There is only so much you can say in 400 or so words – that’s why I am going to dig deeper into the theme of my last column, which presented the general context and statistics for youth unemployment in the economic recession that is unfolding. While there is no silver bullet for fixing this difficult economic situation, there are a number of factors to consider regarding the needs of those disproportionately affected by this global pandemic – young people.
It’s often the case that the voice of young people is not considered when it comes to decision-making. In this respect, it’s perhaps appropriate to begin by sending out a friendly reminder that we have an election around the corner. Unfortunately, the reality is that young people are the group in society least likely to engage in elections. This apathy needs to change and voting must be understood as an act that shows care for the wellbeing of our community and nation. This election is the time to press political parties on their policy addressing the Covid-19 consequences for youth. It is imperative that there is a targeted youth recovery plan to combat persistent youth unemployment and under-employment, which bring such harmful social and economic costs.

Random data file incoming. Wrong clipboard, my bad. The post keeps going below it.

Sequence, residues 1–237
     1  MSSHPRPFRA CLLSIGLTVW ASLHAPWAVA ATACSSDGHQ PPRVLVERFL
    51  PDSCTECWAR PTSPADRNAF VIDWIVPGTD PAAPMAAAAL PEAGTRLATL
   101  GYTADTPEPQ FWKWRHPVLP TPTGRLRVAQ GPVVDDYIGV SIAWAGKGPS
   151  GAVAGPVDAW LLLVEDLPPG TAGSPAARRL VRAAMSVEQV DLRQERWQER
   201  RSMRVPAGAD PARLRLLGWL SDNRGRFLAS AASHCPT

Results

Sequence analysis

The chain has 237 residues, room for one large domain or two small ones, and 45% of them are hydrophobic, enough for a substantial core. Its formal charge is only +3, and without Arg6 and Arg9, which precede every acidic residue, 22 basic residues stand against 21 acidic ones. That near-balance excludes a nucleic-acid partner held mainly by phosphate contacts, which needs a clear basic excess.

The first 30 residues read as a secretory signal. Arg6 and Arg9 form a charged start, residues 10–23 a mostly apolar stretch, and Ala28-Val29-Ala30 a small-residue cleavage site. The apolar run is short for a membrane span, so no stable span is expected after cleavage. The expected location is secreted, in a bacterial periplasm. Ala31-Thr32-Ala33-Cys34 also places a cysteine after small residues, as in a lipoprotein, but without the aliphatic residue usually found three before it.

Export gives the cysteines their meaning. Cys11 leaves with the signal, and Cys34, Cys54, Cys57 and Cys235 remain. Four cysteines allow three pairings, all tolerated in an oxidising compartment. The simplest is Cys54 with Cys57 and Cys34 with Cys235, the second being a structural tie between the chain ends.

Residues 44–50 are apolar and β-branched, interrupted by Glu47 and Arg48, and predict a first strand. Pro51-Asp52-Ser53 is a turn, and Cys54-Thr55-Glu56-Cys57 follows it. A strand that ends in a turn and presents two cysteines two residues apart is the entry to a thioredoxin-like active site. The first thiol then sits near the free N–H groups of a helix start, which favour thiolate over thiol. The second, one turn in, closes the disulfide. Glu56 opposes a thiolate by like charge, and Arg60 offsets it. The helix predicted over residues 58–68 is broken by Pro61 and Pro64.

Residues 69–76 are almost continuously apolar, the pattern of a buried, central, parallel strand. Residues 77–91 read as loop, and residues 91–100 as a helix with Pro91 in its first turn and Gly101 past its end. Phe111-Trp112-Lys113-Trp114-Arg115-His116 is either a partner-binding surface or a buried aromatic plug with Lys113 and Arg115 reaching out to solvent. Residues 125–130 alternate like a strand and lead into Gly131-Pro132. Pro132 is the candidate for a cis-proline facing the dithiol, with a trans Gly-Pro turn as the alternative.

A good start for any plan would be to engage. Engage with educators, employers, civil society, youth organisations, and local authorities to shape a policy framework that promotes the long-term needs of young people. And to give credit where it is due, the government’s targeted training and apprenticeship scheme is a positive step in the right direction to help transition to a new pathway in critical industries with no burden of cost.
Another point for consideration is encouraging and facilitating innovation. In recent times young people have demonstrated their passion for protecting and caring for our environment. Why not build on this enthusiasm by providing grant funding for youth- led innovation projects? Often youth have all sorts of ideas, but they need the support to activate them. Let’s help our young change-makers to rise up.
Furthermore, our local youth organisations are doing great work on the ground in our communities to support young people. They could benefit from extra support to further the reach of their valuable services. Democracy is not a spectator sport. Young people – your voice is needed this election as we ride this road to recovery. Elections in their purest form are a contest of ideas. Let’s make sure the ideas promoted are ones that will provide opportunity and inspire confidence in empowering youth for a changing future.